In which a veteran of cultural studies seminars in the 1990s moves into academic administration and finds himself a married suburban father of two. Foucault, plus lawn care.
A frustrated correspondent writes:
I work in a service department. Another department, which is a large client of ours, has scoured the records of grades to determine which instructors in our department are easy graders and which are hard graders. They are now advising their students to try to get into the sections taught by the easy graders.
I feel that this is about three kinds of wrong. For one thing, I think it's a violation of professional courtesy. You don't do a study like this on another department without the consent of the department. For another, if you do the study, you take the results to the department, not to the
students. And frankly, I don't think that advisers should be taking the professional stand that the best thing to look for in an instructor is easy grading.
How would you, as dean, react to this issue? I'd like to see the offending department censured, but I'm not holding my breath. How should we, as a department, react to this issue? Should we take a stand (either publicly or privately), or should we simply ignore the issue? To what extent should we
pursue policies that would make our grade distribution more uniform? That is, how important is it to deal with the underlying issue?
Juuuuust a few issues here...
In the age of the internet, it's much tougher to keep secrets than it once was. Unfortunately, some folks who aren't schooled in, say, statistics, will sometimes misinterpret facts and derive false patterns. (For example, some folks will confidently assert global patterns after hearing of two or three cases.) That's annoying, but it's increasingly a fact of life. Even if you manage to censure the department, which I wouldn't bother trying to do, you couldn't shut down the student grapevine. Word gets out. It often gets out in distorted, inaccurate, and unhelpful ways, but it gets out. Over at
ratemyprofessor, one of the categories on which folks are rated is easiness of grading. Hell, back in the Stone Age when I was in college, we had a pretty well-developed (analog) grapevine about which professors graded easier or harder than most.
I'll admit wondering how they got their hands on the data, though. Since FERPA prohibits the time-honored practice of taping grade rosters to office doors, it should be considerably harder to get this kind of information in a systematic way than it once was. If there was some sort of skulduggery involved, then that might be cause for some sort of censure.
But let's say that, by whatever method, they've unearthed some non-trivial disparities. It's fine to make the point about airing dirty laundry in front of students, but that doesn't get the laundry clean. You need to address those disparities in a serious way.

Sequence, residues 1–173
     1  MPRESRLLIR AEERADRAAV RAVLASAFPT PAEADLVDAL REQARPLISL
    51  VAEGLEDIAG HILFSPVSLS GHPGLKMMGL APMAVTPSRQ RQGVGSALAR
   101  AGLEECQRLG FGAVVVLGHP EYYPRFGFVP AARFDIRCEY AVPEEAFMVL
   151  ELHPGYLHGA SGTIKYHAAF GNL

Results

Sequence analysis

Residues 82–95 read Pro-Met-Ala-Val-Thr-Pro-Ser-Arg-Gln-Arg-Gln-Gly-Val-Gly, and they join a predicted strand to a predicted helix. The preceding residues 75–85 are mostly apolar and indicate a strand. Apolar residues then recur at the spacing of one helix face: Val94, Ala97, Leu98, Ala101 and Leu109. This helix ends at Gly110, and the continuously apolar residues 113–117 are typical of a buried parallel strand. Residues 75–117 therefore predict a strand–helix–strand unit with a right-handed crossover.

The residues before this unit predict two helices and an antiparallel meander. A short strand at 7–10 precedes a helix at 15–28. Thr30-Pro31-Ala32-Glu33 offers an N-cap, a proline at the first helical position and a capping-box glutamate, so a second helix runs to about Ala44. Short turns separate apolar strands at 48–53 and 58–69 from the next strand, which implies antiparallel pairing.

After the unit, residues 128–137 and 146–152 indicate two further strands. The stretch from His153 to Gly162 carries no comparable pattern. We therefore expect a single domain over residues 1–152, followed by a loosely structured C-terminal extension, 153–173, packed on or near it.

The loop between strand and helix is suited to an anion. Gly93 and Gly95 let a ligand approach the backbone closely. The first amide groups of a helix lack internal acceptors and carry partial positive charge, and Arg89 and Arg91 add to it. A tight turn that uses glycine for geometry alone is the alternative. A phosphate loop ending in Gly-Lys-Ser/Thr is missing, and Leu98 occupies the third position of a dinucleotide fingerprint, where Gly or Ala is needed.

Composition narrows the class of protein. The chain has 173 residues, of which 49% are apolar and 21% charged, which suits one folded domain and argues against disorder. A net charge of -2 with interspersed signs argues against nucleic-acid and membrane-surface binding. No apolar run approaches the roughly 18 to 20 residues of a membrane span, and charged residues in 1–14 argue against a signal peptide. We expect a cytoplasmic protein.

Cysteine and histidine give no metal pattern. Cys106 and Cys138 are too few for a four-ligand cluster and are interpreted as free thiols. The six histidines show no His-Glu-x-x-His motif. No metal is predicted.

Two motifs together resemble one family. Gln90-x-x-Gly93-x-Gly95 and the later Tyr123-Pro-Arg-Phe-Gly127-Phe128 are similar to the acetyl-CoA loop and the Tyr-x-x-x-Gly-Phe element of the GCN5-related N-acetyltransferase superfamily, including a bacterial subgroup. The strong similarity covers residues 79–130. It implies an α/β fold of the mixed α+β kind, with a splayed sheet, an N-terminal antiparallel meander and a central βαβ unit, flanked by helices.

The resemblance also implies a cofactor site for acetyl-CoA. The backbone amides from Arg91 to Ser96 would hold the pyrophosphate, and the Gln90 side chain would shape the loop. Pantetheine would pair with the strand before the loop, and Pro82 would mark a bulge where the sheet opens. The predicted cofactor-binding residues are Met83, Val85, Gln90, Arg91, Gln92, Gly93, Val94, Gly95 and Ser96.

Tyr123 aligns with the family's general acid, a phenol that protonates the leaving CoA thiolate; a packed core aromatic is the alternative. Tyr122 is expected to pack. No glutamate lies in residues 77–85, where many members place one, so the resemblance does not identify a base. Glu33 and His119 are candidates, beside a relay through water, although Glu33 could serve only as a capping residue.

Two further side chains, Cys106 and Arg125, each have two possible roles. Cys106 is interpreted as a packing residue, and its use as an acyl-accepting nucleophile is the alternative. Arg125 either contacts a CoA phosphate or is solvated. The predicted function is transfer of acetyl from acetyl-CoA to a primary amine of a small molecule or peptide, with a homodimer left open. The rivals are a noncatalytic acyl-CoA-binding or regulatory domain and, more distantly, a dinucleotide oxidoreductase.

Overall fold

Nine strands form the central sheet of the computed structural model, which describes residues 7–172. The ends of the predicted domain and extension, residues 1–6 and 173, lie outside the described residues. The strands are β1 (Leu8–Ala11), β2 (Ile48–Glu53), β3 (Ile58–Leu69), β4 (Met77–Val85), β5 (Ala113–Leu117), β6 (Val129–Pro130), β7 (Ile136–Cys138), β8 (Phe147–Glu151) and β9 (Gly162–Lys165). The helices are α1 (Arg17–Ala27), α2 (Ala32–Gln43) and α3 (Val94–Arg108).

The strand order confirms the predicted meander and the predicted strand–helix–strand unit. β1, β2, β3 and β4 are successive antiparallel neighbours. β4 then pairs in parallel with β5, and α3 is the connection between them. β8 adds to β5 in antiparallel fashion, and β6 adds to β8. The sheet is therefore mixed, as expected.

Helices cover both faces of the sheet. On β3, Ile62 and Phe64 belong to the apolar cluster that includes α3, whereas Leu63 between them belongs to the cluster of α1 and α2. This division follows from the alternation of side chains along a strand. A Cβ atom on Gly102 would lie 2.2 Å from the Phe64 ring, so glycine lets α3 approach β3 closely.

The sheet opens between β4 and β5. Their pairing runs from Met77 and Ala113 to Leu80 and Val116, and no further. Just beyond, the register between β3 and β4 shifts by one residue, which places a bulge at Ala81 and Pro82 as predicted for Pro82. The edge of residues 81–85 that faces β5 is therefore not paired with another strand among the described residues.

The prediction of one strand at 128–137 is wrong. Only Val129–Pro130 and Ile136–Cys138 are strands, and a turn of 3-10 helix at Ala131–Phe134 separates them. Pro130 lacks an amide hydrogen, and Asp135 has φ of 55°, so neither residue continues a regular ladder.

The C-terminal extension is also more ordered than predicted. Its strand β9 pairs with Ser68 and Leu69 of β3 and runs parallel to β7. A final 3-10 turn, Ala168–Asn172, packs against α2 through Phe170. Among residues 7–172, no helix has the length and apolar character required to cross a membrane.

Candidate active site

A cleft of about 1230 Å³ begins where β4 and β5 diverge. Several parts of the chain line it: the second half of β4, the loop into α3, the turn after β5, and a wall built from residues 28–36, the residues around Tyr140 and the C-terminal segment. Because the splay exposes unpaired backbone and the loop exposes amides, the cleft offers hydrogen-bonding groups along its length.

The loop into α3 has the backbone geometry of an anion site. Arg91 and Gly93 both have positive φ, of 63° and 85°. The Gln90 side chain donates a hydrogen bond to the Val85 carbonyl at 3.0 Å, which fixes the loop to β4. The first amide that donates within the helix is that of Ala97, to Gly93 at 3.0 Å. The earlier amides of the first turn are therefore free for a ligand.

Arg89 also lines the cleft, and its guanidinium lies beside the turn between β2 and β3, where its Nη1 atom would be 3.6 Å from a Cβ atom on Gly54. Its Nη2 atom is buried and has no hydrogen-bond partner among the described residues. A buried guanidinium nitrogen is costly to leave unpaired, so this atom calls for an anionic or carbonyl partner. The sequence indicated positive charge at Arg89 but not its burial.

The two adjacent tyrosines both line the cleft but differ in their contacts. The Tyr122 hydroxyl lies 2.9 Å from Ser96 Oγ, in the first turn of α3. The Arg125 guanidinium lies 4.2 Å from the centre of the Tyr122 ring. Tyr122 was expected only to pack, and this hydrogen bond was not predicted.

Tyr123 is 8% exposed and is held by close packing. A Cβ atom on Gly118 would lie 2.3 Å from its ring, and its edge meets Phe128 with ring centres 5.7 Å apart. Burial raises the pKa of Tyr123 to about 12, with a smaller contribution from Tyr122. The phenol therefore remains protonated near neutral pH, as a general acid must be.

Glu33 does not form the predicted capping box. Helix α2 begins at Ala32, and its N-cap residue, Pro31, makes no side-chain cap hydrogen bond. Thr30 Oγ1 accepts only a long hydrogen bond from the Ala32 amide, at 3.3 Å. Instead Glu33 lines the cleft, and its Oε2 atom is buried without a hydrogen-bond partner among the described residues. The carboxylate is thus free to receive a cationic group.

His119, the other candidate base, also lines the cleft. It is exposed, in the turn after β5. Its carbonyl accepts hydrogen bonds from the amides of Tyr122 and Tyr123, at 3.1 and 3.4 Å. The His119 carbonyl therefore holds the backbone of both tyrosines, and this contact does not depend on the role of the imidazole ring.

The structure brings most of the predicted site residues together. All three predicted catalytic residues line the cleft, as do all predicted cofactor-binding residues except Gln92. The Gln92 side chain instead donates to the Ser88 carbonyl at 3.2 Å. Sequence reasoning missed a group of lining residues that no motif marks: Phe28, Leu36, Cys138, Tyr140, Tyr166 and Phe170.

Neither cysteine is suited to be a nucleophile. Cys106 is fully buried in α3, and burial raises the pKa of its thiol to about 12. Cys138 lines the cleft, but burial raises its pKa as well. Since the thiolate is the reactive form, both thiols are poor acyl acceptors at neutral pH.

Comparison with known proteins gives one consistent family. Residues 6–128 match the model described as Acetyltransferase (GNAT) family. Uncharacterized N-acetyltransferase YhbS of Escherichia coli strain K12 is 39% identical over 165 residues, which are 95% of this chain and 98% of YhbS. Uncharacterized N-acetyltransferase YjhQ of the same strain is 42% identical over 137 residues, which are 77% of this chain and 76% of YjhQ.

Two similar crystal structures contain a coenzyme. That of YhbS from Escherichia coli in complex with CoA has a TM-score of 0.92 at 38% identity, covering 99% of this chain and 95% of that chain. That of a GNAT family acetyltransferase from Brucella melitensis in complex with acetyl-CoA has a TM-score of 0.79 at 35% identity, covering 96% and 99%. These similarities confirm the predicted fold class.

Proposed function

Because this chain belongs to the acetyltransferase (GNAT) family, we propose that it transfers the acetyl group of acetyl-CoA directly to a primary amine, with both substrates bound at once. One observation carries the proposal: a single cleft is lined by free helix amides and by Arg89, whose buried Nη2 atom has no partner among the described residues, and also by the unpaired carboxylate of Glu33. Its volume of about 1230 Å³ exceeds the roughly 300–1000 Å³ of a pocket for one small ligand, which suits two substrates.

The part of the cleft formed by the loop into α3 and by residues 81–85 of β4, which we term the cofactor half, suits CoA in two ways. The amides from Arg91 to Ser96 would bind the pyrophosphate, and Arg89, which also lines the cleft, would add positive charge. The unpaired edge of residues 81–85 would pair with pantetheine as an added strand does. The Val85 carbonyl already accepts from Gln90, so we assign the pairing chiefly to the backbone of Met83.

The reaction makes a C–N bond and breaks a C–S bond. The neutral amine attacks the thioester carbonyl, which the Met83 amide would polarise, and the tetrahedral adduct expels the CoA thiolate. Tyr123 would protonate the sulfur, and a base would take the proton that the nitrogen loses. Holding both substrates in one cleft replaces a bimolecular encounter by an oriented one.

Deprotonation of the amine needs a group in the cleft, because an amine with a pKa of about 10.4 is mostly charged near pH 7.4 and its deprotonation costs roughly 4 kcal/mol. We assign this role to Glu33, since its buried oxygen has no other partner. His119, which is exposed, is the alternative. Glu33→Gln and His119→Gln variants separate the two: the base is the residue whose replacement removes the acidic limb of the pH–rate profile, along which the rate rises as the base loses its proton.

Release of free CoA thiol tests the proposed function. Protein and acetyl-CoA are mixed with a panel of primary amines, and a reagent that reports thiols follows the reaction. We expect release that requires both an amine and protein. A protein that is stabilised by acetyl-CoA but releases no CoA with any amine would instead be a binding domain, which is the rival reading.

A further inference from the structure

This may be a blessing in disguise. Experience suggests that wild disparities in grading standards often reflect wildly disparate ideas of the point and/or proper level of the course. If you have faculty effectively defining the class in tremendously different ways, then you really aren't doing right by the students. A professor who passes everybody in Composition I is setting up his students to tank Composition II, and that's not fair to the students.
I've seen English departments convene 'norming' workshops, in which various composition instructors discuss how they'd grade some sample essays. This strikes me as a fantastic idea, since it manages to combine consistency with input. A standard announced ex cathedra, but without faculty buy-in, is meaningless. A standard the faculty develop for themselves, on the other
hand, could actually work. (In a really high-functioning department, they'd road-test the standard for Comp I by having the local Institutional Research folk track success rates in Comp II. If the courses are understood as a sequence, rather than as stand-alone classes, then the students will actually have a realistic shot at success.)
Along these lines, one of my prouder moments at my current college has involved finally getting the ESL exit standards to align with the English entrance standards, so students who complete the ESL sequence are actually ready to take the English courses. That involved a certain amount of
inter-departmental diplomacy, but I honestly believe it was the right thing to do for the students.
For courses that don't feed directly into sequences, the issue is slightly less clear-cut, but students should still have reasonable confidence that Professor X's General Psych class isn't significantly easier or harder than Professor Y's. There will always be judgment calls on the margins, which is
to be expected. But large, sustained differences shouldn't happen.
Paradoxically, those norming workshops are obviously harder, yet also obviously more important, when you have a significant adjunct population with considerable turnover. Locally, we've found that paying adjuncts to attend, and providing a little food, makes a huge difference in their participation levels. A little time and money upfront saves plenty of misunderstandings later. No, it doesn't compare to an all-permanent faculty, but within what the taxpayers are willing to pony up, it helps.
In terms of what the other department is doing, you may or may not be able to prevent 'opportunity,' but you can deflate the 'motive.' If they find, over time, that the grading levels have become fairly consistent, they won't have much reason to spy, and everybody wins.
Wise and worldly readers - what would you suggest?
Have a question? Ask the Administrator at deandad (at) gmail (dot) com.
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